And so von Trier, with Jack as his vessel, does exactly that. The movie spends little time explaining the character’s upbringing or even the initial circumstances that led him to such a depraved place. Instead, it unfolds across a series of incidents so horrible they demand condemnation, while contextualizing them with an unusual density of ideas. It’s an eerie combination that hews to its own unique rhythm.
From the first chapter, von Trier cuts to black-and-white footage of Glenn Gould at the piano, underscoring Jack’s romanticization of his method (we later learn that he’s been dubbed “Mr. Sophistication”). In a fleeting glimpse of Jack’s childhood, we see him casually maim a duckling before gazing directly into the camera, and after Jack discusses “the kind of bloody frenzy an ermine experiences in a hen house,” he launches right into a discussion about William Blake’s theory of art. It’s a bizarre gamble as only von Trier would play it, but the ideas resonate in their own twisted way, reflecting the logic of a man so enamored of his depravity that he has conjured profound arguments in its defense.
Nevertheless, “The House That Jack Built” could easily devolve into bloated B-movie territory if it lacked a dynamic performance at its center. Dillon might have trouble putting this one at the top of his resume if he wants to do a Disney film, but there’s no question he delivers an impactful movie monster, with darting eyes and a toothy smile that makes Jack at once seem empathetic and bonkers.
That perception extends to those murders, which unfold as a series of Rube Goldberg inventions clearly designed to disturb, sometimes in almost too overt terms. However, the bulk of these chapters don’t go beyond the most extreme aspects of “The Human Centipede” (or, for that matter, any splatter-film extremism going back to Herschell Gordon Lewis). Instead, they illustrate the precision of Jack’s work, and his relationship to murder provides an outlet for an obsessive compulsive disorder that plagues his every move.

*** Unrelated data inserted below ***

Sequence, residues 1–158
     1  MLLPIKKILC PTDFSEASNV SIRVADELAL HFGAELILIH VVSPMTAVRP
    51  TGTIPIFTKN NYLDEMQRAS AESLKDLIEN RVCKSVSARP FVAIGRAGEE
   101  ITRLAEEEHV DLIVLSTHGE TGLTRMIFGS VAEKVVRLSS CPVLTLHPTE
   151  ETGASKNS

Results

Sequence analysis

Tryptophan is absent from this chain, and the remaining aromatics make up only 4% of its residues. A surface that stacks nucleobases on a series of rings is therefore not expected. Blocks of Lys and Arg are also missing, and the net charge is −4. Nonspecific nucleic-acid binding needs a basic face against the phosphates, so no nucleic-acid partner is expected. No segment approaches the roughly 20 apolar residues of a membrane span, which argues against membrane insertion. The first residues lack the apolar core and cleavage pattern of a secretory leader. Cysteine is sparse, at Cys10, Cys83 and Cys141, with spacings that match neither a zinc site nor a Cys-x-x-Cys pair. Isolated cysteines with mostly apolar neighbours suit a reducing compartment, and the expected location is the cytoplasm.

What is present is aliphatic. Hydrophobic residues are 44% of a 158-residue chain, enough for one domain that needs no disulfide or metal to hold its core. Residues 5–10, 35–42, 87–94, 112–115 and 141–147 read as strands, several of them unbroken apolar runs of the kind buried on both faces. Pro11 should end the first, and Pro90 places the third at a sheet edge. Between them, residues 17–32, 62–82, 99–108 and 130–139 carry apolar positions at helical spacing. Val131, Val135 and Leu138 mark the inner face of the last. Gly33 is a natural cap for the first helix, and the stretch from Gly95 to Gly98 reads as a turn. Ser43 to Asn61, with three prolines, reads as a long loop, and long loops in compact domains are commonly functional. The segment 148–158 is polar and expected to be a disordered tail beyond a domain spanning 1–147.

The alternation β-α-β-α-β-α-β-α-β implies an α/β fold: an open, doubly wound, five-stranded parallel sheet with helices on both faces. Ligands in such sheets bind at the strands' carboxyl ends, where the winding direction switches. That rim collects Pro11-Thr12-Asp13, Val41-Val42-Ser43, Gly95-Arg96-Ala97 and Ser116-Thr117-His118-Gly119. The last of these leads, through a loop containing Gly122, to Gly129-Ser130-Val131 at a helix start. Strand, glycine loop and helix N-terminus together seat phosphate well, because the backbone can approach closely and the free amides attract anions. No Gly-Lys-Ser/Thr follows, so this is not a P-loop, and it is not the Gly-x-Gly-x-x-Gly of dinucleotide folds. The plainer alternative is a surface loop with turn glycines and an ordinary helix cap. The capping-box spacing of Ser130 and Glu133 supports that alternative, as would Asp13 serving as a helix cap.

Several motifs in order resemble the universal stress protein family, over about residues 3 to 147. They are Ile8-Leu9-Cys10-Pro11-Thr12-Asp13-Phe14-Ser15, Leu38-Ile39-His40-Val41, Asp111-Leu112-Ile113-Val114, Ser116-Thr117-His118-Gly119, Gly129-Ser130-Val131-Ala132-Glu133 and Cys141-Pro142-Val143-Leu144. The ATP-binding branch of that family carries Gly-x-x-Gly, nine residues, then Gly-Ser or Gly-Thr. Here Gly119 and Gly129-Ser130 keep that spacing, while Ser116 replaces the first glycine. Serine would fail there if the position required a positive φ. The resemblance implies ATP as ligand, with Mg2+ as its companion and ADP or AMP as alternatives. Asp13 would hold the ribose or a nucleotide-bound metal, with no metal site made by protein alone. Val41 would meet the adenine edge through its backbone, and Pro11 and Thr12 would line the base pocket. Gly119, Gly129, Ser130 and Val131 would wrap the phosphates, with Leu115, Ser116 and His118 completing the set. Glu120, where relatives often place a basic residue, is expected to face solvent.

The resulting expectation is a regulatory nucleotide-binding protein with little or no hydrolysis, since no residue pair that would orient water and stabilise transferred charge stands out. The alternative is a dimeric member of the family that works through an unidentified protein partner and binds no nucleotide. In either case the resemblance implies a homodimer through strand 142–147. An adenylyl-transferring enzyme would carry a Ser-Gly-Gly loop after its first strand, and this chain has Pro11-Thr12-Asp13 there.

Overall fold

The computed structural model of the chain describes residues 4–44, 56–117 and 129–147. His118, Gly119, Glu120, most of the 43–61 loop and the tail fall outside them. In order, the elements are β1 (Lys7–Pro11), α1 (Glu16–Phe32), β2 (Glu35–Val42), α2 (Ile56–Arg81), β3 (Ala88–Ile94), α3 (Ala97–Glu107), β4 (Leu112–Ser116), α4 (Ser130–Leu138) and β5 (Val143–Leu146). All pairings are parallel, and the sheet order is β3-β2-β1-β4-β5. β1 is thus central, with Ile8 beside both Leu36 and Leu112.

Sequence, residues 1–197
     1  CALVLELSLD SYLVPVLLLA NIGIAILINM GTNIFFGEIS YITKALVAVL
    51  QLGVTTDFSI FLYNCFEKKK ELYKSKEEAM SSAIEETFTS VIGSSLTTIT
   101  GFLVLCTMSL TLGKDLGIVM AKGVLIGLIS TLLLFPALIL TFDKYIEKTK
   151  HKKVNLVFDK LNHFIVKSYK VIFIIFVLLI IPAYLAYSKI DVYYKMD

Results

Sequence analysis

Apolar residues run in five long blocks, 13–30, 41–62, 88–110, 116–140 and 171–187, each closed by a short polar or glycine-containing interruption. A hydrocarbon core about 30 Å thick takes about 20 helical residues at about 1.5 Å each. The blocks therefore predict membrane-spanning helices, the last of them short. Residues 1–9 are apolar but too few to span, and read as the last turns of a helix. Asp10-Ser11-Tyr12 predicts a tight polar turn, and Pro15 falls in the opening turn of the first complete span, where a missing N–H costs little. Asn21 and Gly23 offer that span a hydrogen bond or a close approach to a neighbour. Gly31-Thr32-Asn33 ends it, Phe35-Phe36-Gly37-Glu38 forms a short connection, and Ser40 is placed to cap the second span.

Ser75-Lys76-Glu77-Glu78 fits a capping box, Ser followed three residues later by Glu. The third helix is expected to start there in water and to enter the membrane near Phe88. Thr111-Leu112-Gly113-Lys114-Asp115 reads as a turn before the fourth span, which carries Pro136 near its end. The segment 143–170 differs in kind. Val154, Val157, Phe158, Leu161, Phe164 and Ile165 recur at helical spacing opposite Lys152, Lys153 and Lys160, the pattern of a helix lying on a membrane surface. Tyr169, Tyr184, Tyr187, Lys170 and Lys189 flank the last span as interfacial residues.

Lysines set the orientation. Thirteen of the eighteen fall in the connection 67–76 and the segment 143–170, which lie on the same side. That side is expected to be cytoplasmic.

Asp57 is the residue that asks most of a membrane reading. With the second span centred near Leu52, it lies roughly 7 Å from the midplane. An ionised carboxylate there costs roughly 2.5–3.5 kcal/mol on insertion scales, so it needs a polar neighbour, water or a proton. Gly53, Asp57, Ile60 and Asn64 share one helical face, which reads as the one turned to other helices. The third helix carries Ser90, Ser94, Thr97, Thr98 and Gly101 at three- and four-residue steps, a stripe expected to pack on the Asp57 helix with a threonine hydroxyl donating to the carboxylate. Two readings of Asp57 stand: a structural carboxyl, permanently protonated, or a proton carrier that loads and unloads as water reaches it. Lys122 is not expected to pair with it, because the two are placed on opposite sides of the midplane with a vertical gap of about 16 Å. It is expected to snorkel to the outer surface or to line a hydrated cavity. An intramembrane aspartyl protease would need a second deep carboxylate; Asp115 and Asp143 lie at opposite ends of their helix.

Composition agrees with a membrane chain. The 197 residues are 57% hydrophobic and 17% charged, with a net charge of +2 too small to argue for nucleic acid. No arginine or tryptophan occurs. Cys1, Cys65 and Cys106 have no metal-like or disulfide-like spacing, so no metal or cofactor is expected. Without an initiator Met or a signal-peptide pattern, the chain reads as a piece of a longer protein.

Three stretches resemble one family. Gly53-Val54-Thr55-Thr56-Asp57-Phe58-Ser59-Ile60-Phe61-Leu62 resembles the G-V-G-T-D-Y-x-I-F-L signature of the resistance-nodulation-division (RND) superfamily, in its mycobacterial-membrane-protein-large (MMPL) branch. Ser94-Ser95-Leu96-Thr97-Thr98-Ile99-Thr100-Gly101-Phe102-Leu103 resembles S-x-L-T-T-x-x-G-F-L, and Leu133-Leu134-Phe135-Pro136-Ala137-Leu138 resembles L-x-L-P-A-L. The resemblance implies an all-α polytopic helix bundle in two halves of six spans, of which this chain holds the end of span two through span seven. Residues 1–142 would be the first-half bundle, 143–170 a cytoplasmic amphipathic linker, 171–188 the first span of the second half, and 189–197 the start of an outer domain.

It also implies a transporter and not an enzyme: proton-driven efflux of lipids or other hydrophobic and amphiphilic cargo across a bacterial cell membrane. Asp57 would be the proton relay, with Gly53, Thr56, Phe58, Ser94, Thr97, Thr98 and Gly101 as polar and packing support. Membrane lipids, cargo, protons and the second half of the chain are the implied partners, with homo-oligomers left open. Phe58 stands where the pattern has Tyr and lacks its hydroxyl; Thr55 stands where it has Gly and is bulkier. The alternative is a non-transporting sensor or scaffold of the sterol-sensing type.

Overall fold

When thing don’t go as planned, the movie veers off into pitch black crime-gone-wrong territory that echoes early Coen brothers. One instance finds him carefully choking a woman, then returning to her house at his own peril to make sure it’s in immaculate condition even after the cops arrive; in another, he attempts to execute several victims at once, only to realize he’s purchased the wrong kind of bullet.
But many people will find those moments relatively tame compared to the two biggest shockers in Jack’s oeuvre: a terrible sequence in which he murders two children and forces their mother to feed them pie, and another involving a topless Riley Keough and a knife. The latter showdown may be a greater miscalculation than von Trier could have anticipated, as it plays more like an empty gesture to push the material past any sane person’s tolerance for brutality, but von Trier often stumbles on his path to uncompromising visions. “The House That Jack Built” is designed to leave even viewers open to its provocations in a state of perpetual unease. “If you feel like screaming, you definitely should,” Jack says, and von Trier may as well have asked him to look into the camera. It’s a risky gamble that engages and frustrates in equal measures.